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Is there a file format that handles the following use case...

I'd like to create a tar file (or whatever - I'm just using tar here b/c it's a well known file format for containing multiple files) that would be usable even if I only had access to specific chunks of said file.

For example, say I tar up my mp3 and photo collection into a 100GB tar file, then put the file into some long term storage somewhere. Later, I want to access a specific mp3 file. I don't want to download the entire 100GB tar file just to get to one mp3. In fact, let's say I can't download the entire 100GB tar file. Instead, I'd like to say "give me megabytes 10 through 19 of the 100GB tar file" and then have the mp3 magically extracted from those 10 megabytes.

Does a file format like this exist?

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@Khaleel: No, the two questions have only a superficial resemblance. – Scott Nov 29 '12 at 23:05

2 Answers 2

Yes, you could do that with a tar archive but to make it work, you'd need to save a log of what you wrote, telling the offsets to the various files in the archive. Otherwise, the only way to know what's in a tar archive is to read the whole thing start to finish, which defeats the idea of only downloading the part you need.

Also, if you're only able to download the archive in whole blocks, not just any arbitrary number of bytes on any boundary, it would be helpful to have a tar that can start and end reading at specified offsets within the block. My own tar does that but that's an unusual feature; lacking that, the alternative would be to head and tail the block to extract just the part you want to un-tar.

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I know this is late, not sure what the OP ended up going with, but here are some suggestions:

You could create a new partition using a filesystem of your choice and copy everything you want to store to that partition. Then shrink the partition as small as you can to save space. Then you can use e.g. dd to create an image of the partition, say it's /dev/sdc3, at its simplest:

dd if=/dev/sdc3 of=backup_image.bin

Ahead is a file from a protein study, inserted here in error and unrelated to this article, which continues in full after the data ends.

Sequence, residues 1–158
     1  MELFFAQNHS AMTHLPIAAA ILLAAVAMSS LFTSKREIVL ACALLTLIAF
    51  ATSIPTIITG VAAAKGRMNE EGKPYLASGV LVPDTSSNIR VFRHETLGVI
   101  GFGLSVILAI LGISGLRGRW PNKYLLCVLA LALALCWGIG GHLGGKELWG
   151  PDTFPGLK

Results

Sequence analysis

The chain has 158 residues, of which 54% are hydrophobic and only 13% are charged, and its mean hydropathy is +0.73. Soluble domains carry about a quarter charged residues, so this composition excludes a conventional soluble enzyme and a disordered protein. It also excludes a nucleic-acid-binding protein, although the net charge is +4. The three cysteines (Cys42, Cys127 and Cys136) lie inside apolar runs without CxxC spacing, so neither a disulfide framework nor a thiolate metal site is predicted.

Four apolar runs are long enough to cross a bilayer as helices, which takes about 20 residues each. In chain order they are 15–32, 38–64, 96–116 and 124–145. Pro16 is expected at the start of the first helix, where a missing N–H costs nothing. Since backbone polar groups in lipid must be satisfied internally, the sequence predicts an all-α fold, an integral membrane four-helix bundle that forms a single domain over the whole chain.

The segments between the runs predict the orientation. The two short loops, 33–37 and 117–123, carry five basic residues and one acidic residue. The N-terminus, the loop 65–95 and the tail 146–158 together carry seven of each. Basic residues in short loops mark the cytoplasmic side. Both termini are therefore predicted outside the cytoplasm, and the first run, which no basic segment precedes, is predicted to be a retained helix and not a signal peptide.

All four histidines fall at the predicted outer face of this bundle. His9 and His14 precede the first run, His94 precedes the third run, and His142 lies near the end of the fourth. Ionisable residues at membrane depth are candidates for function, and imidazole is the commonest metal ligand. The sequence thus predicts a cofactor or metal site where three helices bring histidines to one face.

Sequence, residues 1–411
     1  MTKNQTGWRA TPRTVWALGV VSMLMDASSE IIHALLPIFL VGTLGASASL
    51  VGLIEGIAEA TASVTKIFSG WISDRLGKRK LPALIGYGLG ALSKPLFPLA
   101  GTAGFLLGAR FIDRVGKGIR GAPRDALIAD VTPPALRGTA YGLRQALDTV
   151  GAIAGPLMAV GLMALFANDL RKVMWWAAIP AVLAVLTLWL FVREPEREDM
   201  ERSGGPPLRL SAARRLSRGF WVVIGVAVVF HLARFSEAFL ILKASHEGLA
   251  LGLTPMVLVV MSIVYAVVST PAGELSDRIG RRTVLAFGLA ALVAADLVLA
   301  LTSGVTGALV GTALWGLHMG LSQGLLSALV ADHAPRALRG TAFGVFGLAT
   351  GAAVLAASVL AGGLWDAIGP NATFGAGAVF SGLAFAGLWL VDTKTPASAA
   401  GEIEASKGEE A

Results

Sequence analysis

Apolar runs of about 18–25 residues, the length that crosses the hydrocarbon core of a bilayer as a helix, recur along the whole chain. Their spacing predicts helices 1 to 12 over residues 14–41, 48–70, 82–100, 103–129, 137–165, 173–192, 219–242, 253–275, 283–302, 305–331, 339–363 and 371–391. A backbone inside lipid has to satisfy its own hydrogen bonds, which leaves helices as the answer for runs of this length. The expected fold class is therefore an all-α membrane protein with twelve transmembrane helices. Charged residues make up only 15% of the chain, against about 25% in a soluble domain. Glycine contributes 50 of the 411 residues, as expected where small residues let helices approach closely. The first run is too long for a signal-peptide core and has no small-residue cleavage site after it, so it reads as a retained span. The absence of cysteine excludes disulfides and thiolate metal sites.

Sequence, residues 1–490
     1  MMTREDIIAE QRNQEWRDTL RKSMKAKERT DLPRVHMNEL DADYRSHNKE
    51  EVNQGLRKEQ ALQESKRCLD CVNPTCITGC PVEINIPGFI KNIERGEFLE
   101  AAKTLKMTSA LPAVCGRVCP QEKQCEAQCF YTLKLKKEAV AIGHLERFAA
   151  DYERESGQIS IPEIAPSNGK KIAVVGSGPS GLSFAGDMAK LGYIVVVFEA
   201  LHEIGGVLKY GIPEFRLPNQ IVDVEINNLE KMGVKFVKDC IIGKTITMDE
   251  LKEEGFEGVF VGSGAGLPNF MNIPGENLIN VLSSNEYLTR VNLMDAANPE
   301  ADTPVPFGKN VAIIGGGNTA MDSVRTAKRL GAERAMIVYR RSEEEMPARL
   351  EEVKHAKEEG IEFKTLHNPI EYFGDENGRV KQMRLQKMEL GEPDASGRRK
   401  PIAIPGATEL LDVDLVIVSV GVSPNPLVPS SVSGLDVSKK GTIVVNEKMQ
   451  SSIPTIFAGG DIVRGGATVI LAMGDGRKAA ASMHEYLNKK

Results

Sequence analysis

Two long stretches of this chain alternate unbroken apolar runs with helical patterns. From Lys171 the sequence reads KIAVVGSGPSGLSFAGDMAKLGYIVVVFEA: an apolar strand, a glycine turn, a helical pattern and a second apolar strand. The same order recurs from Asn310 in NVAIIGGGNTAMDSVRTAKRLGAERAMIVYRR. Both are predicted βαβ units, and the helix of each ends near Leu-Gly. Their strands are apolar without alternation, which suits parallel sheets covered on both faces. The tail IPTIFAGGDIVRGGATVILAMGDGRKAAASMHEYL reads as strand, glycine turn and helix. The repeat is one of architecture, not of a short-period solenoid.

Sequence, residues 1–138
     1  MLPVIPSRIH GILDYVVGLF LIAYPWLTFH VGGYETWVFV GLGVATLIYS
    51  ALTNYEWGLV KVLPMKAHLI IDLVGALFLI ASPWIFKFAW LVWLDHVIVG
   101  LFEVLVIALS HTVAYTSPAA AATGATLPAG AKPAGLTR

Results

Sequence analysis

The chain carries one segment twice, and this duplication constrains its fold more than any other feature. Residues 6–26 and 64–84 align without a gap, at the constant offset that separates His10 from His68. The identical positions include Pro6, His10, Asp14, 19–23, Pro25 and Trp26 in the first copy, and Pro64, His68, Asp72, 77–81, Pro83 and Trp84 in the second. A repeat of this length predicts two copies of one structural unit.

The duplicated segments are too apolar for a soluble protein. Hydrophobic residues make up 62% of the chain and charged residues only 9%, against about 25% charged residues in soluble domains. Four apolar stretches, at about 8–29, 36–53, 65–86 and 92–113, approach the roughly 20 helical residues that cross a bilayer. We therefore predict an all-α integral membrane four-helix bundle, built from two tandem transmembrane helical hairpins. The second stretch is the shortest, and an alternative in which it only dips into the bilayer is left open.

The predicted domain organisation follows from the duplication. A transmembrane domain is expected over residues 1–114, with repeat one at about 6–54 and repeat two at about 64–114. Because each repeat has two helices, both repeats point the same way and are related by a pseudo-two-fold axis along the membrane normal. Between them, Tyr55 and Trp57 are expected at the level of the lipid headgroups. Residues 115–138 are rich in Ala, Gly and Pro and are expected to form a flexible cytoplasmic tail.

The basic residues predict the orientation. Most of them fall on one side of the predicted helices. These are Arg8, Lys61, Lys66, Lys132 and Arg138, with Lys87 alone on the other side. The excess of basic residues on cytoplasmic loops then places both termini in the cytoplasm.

For Windows Google for "dd for windows" or find an equivalent program that can make a byte-for-byte image of a partition or device.

Then, that image file can be placed in long term storage. As long as you have access to the file and your long term storage media supports random seek, you can just mount the file directly, e.g.:

sudo mkdir /media/backup
sudo mount /path/to/backup_image.bin /media/backup

For Windows, Google for "windows mount partition image".

You'll have full access to the data and only the minimum amount of reads necessary to support navigation through the filesystem and access to that file will be performed.

Another, more obvious option, is to simply not combine your files into a single archive file. Create a normal filesystem on your long term storage and just copy the files to it. Filesystems already provide the means to access specific files without accessing unneeded data, you may not have to reinvent a wheel.

Also there are proprietary formats like the one you describe, for example, backup software like Acronis can back up data to network mounted drives or wherever, into ".TIB" files that can be browsed (and data extracted) without requiring a read of the entire file. I don't know if Acronis supports browsing of Linux/OSX filesystem backups but I do know it supports this type of browsing for FAT32 and NTFS backups. I'm sure there are others.

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